Internal data from Second Life give us outsiders our first glimpse at the volume of trade inside virtual worlds. It's big. Really big.
Over a one-month period, the users of 2L had a stock of 8.35 million Lindens (L$) and used it to conduct L$19.2 million in trade. Economists call the ratio of trade to the money stock "velocity;" in this case, it's 2.30.
Economists also tend to assume that velocity is constant. It's the turnover rate of a single unit of currency and is determined by the efficiency of market institutions. Second Life doesn't seem enormously different than any other world in this regard, so let's assume the velocity is about the same in other worlds, such as Norrath.
Data from Norrath in Summer 2001 indicated that the typical user had about 7,700 platinum pieces (PP) in cash. At that time, EverQuest had 400,000 users and the exchange rate between PP and dollars was 100:1. This means that the total money stock was (7700)*(400000) = PP3.08 billion. Using a velocity of 2.3, total in-world trade would have been PP7.084 billion. At the then-current exchange rate, that comes to $71 million.
So, a game like EQ has $71 million monthly in in-world trade. Current data from eBay suggest that the combined export-import trade for all US games except EQ - games whose total populations nonetheless well exceed EQ's 400,000 - is only about $1.3 million monthly. Evidently, in-world trade is much greater than out-world trade.
The figures for EQ suggest that each user does about $18 of in-world player-to-player trade monthly. That number feels about right (seriously! I've actually played EQ quite a bit). If we think about the market as a whole, we have upwards of 10 million people in the various worlds right now. At $18 per person per month, that's an aggregate in-world trade volume of $2.2 billion annually. According to UN data, that volume of trade would make virtual worlds the 144th largest economy in terms of GNP, right up there with Malta and Albania.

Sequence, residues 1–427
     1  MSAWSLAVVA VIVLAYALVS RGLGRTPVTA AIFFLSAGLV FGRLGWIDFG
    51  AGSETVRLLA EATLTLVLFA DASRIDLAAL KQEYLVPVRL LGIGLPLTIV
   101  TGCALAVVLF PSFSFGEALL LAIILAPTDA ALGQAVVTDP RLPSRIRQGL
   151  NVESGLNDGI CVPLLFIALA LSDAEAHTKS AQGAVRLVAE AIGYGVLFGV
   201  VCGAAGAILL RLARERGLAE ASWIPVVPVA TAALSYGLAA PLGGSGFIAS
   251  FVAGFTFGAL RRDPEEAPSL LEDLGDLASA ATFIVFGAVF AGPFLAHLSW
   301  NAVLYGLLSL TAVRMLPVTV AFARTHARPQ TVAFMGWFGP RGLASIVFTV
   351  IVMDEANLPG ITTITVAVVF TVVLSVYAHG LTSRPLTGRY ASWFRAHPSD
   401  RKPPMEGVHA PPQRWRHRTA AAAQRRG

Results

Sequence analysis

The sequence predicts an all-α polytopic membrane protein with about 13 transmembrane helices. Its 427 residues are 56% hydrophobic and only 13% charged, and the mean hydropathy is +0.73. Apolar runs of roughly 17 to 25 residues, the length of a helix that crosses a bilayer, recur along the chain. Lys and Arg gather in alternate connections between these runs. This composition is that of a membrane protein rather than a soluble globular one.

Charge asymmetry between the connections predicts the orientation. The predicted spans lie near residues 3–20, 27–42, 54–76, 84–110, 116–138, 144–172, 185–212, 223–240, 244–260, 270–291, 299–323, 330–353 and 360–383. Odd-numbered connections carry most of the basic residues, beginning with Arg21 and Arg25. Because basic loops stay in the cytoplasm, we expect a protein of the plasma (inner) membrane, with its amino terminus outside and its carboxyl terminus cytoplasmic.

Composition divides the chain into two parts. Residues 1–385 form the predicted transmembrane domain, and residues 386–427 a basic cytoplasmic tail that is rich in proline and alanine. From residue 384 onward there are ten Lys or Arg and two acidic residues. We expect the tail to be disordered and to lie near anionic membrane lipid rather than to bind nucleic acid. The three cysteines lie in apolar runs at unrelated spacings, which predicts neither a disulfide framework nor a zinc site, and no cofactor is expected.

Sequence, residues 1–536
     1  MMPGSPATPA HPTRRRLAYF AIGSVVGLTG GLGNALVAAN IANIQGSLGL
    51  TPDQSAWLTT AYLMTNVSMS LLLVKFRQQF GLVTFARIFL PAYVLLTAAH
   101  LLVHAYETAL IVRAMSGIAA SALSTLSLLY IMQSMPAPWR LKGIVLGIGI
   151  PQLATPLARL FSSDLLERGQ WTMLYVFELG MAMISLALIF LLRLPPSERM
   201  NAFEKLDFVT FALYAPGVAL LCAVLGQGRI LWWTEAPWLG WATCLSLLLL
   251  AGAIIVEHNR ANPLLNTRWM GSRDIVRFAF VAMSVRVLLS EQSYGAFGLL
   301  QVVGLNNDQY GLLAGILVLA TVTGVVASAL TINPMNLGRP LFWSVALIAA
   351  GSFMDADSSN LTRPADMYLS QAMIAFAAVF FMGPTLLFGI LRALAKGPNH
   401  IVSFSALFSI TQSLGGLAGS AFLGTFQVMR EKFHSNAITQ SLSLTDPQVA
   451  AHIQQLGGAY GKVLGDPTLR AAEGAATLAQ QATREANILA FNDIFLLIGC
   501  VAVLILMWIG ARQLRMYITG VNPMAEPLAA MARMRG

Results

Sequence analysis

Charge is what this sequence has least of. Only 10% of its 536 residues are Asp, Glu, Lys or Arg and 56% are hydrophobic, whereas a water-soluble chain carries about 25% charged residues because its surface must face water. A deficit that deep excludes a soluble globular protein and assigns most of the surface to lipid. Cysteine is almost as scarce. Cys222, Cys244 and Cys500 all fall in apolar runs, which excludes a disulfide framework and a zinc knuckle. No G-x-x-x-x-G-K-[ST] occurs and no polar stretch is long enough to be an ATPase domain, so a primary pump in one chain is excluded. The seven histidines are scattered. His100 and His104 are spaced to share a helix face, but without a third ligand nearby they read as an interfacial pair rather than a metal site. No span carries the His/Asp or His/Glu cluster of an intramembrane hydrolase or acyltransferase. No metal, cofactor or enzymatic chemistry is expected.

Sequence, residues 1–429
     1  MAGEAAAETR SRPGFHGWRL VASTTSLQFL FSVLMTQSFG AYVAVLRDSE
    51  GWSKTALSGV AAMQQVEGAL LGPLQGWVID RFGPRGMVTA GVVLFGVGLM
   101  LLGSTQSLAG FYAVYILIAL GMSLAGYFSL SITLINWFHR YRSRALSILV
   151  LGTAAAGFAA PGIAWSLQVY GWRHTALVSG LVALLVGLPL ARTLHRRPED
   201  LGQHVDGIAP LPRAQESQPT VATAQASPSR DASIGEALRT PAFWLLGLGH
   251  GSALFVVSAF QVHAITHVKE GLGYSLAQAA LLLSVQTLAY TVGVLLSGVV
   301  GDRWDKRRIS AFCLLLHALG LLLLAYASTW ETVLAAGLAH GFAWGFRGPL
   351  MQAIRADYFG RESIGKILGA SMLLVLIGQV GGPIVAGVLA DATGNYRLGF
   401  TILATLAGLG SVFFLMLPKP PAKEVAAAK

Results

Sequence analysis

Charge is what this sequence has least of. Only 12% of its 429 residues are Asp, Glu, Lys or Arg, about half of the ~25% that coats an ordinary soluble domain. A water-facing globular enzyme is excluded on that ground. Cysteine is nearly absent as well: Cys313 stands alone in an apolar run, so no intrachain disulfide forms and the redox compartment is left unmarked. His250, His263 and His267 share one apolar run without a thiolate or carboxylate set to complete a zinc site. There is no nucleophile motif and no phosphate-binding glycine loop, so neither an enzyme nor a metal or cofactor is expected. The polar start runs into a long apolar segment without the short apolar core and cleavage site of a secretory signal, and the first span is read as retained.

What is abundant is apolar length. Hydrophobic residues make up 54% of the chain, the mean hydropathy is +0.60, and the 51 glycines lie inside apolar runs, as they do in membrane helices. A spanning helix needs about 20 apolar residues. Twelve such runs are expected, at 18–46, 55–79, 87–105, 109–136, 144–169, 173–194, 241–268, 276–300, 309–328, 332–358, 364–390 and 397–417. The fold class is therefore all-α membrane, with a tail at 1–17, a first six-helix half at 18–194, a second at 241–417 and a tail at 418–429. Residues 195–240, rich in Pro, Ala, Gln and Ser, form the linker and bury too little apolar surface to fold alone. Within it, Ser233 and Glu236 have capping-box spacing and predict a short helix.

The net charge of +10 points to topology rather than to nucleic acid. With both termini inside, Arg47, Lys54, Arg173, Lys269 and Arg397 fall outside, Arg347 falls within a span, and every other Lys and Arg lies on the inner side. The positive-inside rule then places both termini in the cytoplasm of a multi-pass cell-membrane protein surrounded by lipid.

On the other hand, this number is such an extreme telescoping of assumptions as to have little merit in an absolute quantitative sense. We only have the velocity number - the keystone of all this - because Philip Rosedale of Second Life was kind enough to let me see it. It's frustrating that we don't have better data, and that we're forced to put together this crazy-quilt patchwork of assumptions to get even the most basic feel for what's going on. (If you're the proprietor of a big game and can see how some of these data, if released, could benefit the entire industry, get in touch.)
However, these data do yield convincing evidence of a qualitative, if not quantitative, nature: Whatever we see on eBay is dwarfed by what's happening inside the games. A great deal of value is changing hands out there. And it's all denominated in gold pieces.
Comments on First Glimpse: Big Markets Inside Virtual Worlds:
Anyone know what a Linden(L$) trades for these days?
Posted Nov 1, 2003 4:01:09 PM | link
Also just to touch on the velocity of a currency. I am not sure what other VWs measure, but VoM is a key stat for the strength of the Therebuck and so we have been watching this closely. We have found that there are some pretty clear trends that are starting to emerge.
One example being the changes in the velocity just before and just after a 'release'. This may seem like an obvious conclusion, but we have been seeing that the velocity slows dramatically as people start saving a few weeks before the next release and then the velocity speeds up dramatically once the next wave of products hit the market.
The VoM also seems to have a resting place that it likes to return to between releases, though I am wondering if the resting place will stay at the same watermark now that we are out of beta.